I just had a very enjoyable show and tell with CVA and have to mention that their new electronic ignition is very impressive and NOT a gimmick. We are talking hotter and better ignition, I believe that is an honest assesment.
The CVA of today is definitely NOT the original company, these guys are moving their product line up the quality scale very significantly. Particular emphasis on barrel quality and I am impressed with their centerfire and muzzleloader accuracy.
I would not hesitate to hunt with that electronic ignition, it is slick.
I got to play with one for a little while a while back, definantly a innovative design. I didnt actually get to fire it with a bullet but we did play around with it and some powder pellets, also fun. Should be a pretty slick product for the market this year.
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It does sound like a very good innovation for black powder hunting as opposed to the Remington Etron-X, which was an answer to a problem that really didn't exist.
A reliable source of ignition is a real benefit to the black powder hunter and to a lesser extent the game as well. This system with its closed breech and hotter ignition should nearly eliminate hangfires and failures to fire. Failures to fire only result in a missed opportunity, but hangfires can result in a poor hit on the animal. I have never experienced a hangfire on game but have a few times at the range, and I don't see how you could possibly hold perfectly steady until the shot fires unexpectedly.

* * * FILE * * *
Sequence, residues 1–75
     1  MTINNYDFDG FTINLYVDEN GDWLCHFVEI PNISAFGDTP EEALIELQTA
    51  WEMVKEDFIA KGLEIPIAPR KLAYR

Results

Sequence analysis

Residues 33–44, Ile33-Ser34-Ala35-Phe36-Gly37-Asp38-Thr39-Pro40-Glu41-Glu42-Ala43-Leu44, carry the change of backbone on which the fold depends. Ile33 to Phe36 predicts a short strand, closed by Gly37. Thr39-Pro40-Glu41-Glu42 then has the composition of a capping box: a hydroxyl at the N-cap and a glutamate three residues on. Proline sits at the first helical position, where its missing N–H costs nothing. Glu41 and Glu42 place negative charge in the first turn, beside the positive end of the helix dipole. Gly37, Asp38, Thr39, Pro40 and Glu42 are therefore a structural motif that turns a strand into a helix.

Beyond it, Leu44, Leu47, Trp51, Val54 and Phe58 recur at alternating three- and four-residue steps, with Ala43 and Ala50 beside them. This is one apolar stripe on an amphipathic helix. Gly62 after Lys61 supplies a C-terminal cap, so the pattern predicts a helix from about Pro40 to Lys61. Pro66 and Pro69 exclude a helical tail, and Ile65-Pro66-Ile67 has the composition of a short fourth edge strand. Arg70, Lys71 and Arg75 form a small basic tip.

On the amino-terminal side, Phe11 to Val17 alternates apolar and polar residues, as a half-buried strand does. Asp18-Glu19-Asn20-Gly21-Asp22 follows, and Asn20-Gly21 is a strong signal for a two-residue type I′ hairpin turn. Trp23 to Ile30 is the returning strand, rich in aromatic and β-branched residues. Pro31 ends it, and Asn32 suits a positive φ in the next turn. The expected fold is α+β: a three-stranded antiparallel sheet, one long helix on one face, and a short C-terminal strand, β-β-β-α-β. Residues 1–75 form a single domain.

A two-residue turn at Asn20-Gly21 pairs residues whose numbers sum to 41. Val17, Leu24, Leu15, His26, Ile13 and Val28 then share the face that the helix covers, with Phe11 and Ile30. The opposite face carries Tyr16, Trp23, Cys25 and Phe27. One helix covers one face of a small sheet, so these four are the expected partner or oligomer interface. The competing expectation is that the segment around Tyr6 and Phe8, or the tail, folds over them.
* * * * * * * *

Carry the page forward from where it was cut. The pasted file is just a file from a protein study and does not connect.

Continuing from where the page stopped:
Any word on how much these will actually cost at the store? Over the last decade or so, CVA has been an affordable option for a quality muzzleloader. I hope they don't price this thing above the budget of the average hunter.
Thanks for the update,
The critters have to win every time, I only have to win once.
I am not sure but I think the list is in the 400 dollar range, I believe it is their premium model. The ones we had were very accurate rifles. Believe a few prairie dogs got smoked out to 140 yards.
Expect they will be in the Cabela's catalog, have not seen it yet tho.
That will be a challenge, some of the states have very stupid rules and regs regarding how animals are to be hunted and shot. Seems to me when the final moments occur when we are trying to kill cleanly we should be able to do it with the most precision and comfidence. Ignition systems or sighting systems should not be part of the equation, the days of the buckskinner have long past. Muzzleloading is a game management tool, not a lifestyle anymore. Today's muzzleloader shooter wants convenience and simplicity - blister-packed guns with all the accessories in one package. If electric ignition makes for a simpler shooting experience then go for it. Who in hell really cares how much a projectile weighs, if it is or is not in a sabot, if the gun has electronic sights, what kind of propellant is being used. That is just a bunch of hokum, the real bottom line should be killing the critter cleanly.